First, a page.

John submits Mary's deposition, which declares that she was coerced to accuse people by Abigail. Abigail denies Mary's assertions that they are pretending, and stands by her story about the poppet. When challenged by Parris and Hathorne to 'pretend to be possessed', Mary is too afraid to comply. John attacks Abigail's character, revealing that she and the other girls were caught dancing naked in the woods by Rev. Parris on the night of Betty Parris' alleged 'bewitchment'. When Danforth begins to questions Abigail, she claims that Mary has begun to bewitch her with a cold wind and John loses his temper, calling Abigail a whore. He confesses their affair, says Abigail was fired from his household over it and that Abigail is trying to murder Elizabeth so that she may "dance with me on my wife's grave."
Danforth brings Elizabeth in to confirm this story, beforehand forbidding anyone to tell her about John's testimony. Unaware of John's public confession, Elizabeth fears that Abigail has revealed the affair in order to discredit John and lies, saying that there was no affair, and that she fired Abigail out of wild suspicion. Hale begs Danforth to reconsider his judgement, now agreeing Abigail is "false", but to no avail; Danforth throws out this testimony based solely upon John's earlier assertion that Elizabeth would never tell a lie.
Confusion and hysteria begin to overtake the room. Abigail and the girls run about screaming, claiming Mary's spirit is attacking them in the form of a yellow bird, which nobody else is able to see. When Danforth tells the increasingly distraught Mary that he will sentence her to hang, she joins with the other girls and recants all her allegations against them, claiming John Proctor forced her to turn her against the others and that he harbors the devil. John, in despair and having given up all hope, declares that "God is dead", and is arrested. Furious, Reverend Hale denounces the proceedings and quits the court.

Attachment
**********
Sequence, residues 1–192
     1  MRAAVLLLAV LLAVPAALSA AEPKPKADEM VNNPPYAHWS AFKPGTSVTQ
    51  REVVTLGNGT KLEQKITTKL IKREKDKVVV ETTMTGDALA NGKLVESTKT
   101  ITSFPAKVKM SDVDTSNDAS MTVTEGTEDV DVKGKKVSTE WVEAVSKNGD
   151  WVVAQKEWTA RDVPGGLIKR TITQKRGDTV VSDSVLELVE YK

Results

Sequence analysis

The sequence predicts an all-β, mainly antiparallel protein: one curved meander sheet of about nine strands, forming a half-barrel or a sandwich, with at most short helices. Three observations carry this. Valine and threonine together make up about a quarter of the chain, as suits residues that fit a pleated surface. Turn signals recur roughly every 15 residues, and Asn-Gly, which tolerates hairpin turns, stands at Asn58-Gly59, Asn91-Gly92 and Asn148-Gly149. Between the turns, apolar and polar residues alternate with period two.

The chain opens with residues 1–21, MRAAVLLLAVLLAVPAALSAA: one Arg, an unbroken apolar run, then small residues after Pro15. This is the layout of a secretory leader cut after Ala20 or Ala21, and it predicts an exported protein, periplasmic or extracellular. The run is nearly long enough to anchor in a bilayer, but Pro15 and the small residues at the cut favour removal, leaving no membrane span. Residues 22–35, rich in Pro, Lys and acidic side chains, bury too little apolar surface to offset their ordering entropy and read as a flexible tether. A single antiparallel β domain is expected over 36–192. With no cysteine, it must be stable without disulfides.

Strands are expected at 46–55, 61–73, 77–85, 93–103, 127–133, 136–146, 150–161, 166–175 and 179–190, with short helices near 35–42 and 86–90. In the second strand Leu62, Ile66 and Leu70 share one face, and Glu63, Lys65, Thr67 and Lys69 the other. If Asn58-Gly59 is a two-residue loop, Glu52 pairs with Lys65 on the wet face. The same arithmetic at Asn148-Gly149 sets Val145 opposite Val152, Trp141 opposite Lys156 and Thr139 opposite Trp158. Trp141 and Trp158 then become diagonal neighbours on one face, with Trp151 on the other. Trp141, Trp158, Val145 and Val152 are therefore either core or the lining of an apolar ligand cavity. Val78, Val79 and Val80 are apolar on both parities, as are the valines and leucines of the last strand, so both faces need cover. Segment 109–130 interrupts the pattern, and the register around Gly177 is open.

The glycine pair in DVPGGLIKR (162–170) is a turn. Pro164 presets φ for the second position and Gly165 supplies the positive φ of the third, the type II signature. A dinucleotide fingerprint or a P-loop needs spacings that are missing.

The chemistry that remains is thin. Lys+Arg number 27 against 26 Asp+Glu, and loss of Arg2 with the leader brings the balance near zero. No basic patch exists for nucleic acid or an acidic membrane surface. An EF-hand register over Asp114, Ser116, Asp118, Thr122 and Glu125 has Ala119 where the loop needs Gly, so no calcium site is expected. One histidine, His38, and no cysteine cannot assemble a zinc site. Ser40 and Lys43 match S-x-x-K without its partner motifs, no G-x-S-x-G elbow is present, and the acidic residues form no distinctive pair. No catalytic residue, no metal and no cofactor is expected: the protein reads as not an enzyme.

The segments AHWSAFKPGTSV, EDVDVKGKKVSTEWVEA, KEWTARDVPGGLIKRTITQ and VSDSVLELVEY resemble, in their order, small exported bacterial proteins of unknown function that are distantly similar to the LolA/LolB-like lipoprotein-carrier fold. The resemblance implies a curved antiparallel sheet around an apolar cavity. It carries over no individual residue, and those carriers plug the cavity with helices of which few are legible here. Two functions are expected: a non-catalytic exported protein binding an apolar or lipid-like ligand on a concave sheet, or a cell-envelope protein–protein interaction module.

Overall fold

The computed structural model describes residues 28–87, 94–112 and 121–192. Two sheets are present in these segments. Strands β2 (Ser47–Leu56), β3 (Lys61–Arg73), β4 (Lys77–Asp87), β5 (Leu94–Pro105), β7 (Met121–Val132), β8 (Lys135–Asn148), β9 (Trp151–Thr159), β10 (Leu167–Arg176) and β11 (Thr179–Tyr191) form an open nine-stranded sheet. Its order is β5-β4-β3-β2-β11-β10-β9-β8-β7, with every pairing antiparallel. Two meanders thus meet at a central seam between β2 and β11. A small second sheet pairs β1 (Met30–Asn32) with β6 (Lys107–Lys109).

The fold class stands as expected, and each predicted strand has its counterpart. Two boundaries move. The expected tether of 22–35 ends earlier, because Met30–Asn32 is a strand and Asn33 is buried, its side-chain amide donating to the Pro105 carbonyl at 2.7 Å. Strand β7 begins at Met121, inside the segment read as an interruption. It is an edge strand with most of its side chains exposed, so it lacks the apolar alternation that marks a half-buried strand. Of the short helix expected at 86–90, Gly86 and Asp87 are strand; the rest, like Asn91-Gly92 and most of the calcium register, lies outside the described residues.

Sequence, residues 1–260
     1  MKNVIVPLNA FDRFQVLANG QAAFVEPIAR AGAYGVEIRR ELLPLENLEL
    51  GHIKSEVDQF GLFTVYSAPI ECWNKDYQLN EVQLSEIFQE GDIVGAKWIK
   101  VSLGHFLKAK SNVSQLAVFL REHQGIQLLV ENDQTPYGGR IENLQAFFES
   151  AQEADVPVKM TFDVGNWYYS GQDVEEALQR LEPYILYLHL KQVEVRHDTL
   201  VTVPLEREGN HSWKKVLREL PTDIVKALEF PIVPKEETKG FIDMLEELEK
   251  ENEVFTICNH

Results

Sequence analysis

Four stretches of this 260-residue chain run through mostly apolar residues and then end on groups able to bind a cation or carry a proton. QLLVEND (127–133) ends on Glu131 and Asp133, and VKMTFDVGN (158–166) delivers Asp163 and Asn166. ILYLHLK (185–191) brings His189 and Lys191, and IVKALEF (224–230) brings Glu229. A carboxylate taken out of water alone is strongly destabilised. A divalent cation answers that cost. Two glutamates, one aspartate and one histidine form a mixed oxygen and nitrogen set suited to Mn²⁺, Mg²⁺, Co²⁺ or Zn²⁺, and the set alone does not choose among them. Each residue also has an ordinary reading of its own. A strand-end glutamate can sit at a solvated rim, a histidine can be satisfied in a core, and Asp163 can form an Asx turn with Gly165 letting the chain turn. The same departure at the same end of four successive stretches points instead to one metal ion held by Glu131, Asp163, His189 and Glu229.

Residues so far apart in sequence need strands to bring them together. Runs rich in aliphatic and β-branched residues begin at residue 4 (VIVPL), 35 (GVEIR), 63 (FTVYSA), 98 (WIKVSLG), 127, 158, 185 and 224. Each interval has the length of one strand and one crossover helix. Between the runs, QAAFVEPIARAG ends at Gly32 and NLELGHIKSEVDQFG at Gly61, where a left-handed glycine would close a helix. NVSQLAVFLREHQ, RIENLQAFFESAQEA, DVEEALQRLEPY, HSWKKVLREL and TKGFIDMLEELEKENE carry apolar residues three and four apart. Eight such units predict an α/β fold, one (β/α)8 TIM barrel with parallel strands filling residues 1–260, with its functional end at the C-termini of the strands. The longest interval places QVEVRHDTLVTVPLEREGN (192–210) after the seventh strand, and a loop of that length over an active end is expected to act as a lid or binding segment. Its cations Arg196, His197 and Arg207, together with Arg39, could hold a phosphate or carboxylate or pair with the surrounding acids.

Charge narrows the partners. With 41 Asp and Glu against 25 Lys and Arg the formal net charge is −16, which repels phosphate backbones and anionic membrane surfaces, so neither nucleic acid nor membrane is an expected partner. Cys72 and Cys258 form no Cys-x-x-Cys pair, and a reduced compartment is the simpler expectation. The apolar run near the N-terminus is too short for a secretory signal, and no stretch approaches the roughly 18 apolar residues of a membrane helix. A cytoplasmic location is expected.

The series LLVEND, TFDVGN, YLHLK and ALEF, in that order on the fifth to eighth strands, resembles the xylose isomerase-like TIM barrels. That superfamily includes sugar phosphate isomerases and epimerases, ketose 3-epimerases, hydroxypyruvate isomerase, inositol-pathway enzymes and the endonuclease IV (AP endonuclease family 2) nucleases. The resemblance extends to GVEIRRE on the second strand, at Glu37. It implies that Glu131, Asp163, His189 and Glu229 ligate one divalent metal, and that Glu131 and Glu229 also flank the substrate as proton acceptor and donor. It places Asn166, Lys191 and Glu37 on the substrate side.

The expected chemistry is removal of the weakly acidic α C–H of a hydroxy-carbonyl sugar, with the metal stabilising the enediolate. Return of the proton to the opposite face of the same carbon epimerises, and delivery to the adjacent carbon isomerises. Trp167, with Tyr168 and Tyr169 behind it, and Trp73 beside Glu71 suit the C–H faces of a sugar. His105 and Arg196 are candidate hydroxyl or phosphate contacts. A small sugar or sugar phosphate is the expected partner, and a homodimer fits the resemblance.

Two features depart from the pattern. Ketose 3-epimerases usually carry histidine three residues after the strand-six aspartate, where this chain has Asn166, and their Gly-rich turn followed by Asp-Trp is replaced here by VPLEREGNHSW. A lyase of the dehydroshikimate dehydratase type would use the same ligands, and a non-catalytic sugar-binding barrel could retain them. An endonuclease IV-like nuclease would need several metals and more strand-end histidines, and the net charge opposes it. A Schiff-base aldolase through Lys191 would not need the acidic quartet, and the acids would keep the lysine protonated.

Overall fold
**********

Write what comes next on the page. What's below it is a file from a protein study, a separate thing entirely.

Act Four takes place three months later in the town jail, early in the morning. Tituba, sharing a cell with Sarah Good, has gone insane from all of the hysteria, hearing voices and now actually claiming to talk to Satan. Marshal Herrick, depressed at having arrested so many of his neighbors, has turned to alcoholism. Many villagers have been charged with witchcraft; most have confessed and been given lengthy prison terms and their property seized by the government; twelve have been hanged; seven more are to be hanged at sunrise for refusing to confess, including John Proctor, Rebecca Nurse and Martha Corey. Giles Corey was tortured to death by pressing as the court tried in vain to extract a plea; by holding out, Giles ensured that his sons would not be disinherited. The village has become dysfunctional with so many people in prison or dead, and with the arrival of news of rebellion against the courts in nearby Andover, whispers abound of an uprising in Salem.